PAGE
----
If rumours are to be believed we should soon see an end to the ban on assignment.
Since the credit crisis the Government has been keen to encourage the alternative finance market, including asset-based finance, for SMEs, and in March 2015 the newly enacted Small Business, Enterprise and Employment Act 2015 granted the Secretary of State powers to make regulations to invalidate or restrict the effect of any “non-assignment of receivables term” of a “relevant contract”.
A “non-assignment of receivables term” is a term which prohibits or imposes a condition, or other restriction, on the assignment by a party to the contract of the right to be paid any amount under the contract or any other contract between the parties. A “relevant contract” is a contract for goods, services or intangible assets (including intellectual property) which is not an excluded financial services contract, and at least one of the parties has entered into it in connection with the carrying on of a business.
In December 2014, in advance of the Act coming into force, the Department for Business, Innovation & Skills published draft regulations which, after consultation, have become The Business Contract Terms (Assignment of Receivables) Regulations 2017. At the time of writing it seems likely that it is these regulations that in some form will come into force during 2018.
Whilst the new regulations are to be welcomed it’s worth reflecting on the techniques currently employed by factors to mitigate the effect of non-assignment clauses. Factors may do any of the following:
- request that the debtor allow assignment by waiving the non-assignment clause; or
- ensure the factoring agreement contains an express declaration of trust in respect of the proceeds of debts that are subject to a ban; and/or
- use the power of attorney in his agreement to enforce the debt in the name of the client.
For many years these techniques have enabled factors to fund clients without having to vet each and every contract between the client and his customers. In truth, factors have come to regard the prohibition on assignment as more of a practical hindrance to collection than a bar to funding. However, the ability of the debtor to ignore the factor and the additional complications a ban causes in debt recovery proceedings will not be missed.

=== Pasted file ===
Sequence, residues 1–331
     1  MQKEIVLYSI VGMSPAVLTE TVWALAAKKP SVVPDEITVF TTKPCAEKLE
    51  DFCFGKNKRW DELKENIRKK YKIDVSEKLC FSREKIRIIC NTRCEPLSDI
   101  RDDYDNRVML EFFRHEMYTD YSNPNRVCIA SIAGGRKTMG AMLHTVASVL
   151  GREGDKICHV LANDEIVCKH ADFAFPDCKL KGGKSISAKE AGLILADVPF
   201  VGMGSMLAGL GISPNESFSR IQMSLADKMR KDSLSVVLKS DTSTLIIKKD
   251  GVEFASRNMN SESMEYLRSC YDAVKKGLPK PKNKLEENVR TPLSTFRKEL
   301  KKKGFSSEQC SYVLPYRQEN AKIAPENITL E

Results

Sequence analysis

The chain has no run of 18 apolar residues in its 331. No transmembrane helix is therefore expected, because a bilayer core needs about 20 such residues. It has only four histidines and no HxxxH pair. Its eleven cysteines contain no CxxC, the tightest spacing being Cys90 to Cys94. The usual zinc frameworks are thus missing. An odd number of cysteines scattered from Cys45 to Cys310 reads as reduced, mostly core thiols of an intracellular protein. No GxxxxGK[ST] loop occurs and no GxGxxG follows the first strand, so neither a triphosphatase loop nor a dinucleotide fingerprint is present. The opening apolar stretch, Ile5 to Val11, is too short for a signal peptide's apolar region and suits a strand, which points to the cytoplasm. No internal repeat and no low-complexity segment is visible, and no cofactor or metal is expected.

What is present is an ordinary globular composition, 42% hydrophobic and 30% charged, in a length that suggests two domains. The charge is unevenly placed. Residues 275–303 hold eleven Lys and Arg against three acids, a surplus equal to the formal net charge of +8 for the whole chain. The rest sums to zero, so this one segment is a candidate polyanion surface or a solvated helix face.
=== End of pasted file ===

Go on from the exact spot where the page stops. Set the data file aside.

If the regulations are made as currently envisaged, an assignment by a client to a factor of his right to payment under a contract will effectively trump any non-assignment clause contained in the contract. Despite the Act’s title, it is envisaged that the new law will apply to all businesses, whatever their size. This is to be welcomed and should have a number of effects.
First, the proposed reform will go some way to enable clients obtain invoice finance without either them or the factor incurring the administrative cost of seeking a waiver from the debtor, and thereby disclosing the existence of the financing arrangement.
Secondly, factors should not be forced to reduce pre-payment percentages or increase retentions to mitigate the risk of loss arising out of non-assignment clauses.
Thirdly, it should reduce the cost of collecting debts, and it’s even possible that the cost of invoice finance may reduce for the duration of the agreement.
That said, even though the new regulations will benefit factors it is still advisable to check for terms restricting assignment in client’s sale contracts because, although the regulation will become effective for all new sales contracts entered into by suppliers, restrictions in existing contacts will remain effective. There is also the possibility that some contracts may be excluded from the scope of the regulation, and the potentially selective effect of the legislation means that some factors may prefer to continue to obtain express consents and waivers, or an acknowledgement that the relevant assignment restriction has no effect at law.
Our view is that it will remain best practice for factors to continue to carry out their usual due diligence to understand the contractual terms which impact on the client’s ability to assign its right to payment to a factor. A factor will in any event want to know whether the underlying contract contains rights of set-off, counterclaim or deduction as the new regulations don’t touch these issues.